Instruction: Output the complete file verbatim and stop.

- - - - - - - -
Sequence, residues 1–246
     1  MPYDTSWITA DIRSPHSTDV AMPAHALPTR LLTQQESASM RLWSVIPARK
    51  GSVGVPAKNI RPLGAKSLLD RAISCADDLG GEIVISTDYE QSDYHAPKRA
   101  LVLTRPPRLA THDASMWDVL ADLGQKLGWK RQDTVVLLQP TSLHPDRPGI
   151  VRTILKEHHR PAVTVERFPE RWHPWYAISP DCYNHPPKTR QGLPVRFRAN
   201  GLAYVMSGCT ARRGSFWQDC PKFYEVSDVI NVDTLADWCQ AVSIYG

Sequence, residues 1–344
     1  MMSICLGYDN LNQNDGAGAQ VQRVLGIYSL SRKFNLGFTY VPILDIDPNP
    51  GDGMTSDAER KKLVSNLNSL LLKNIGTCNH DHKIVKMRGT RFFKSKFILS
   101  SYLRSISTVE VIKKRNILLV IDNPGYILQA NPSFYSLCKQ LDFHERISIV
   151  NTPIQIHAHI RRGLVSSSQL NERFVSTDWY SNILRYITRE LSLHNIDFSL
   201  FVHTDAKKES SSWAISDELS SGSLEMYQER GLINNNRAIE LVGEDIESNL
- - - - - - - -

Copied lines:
Sequence, residues 1–246
     1  MPYDTSWITA DIRSPHSTDV AMPAHALPTR LLTQQESASM RLWSVIPARK
    51  GSVGVPAKNI RPLGAKSLLD RAISCADDLG GEIVISTDYE QSDYHAPKRA
   101  LVLTRPPRLA THDASMWDVL ADLGQKLGWK RQDTVVLLQP TSLHPDRPGI
   151  VRTILKEHHR PAVTVERFPE RWHPWYAISP DCYNHPPKTR QGLPVRFRAN
   201  GLAYVMSGCT ARRGSFWQDC PKFYEVSDVI NVDTLADWCQ AVSIYG

Sequence, residues 1–344
     1  MMSICLGYDN LNQNDGAGAQ VQRVLGIYSL SRKFNLGFTY VPILDIDPNP
    51  GDGMTSDAER KKLVSNLNSL LLKNIGTCNH DHKIVKMRGT RFFKSKFILS
   101  SYLRSISTVE VIKKRNILLV IDNPGYILQA NPSFYSLCKQ LDFHERISIV
   151  NTPIQIHAHI RRGLVSSSQL NERFVSTDWY SNILRYITRE LSLHNIDFSL
   201  FVHTDAKKES SSWAISDELS SGSLEMYQER GLINNNRAIE LVGEDIESNL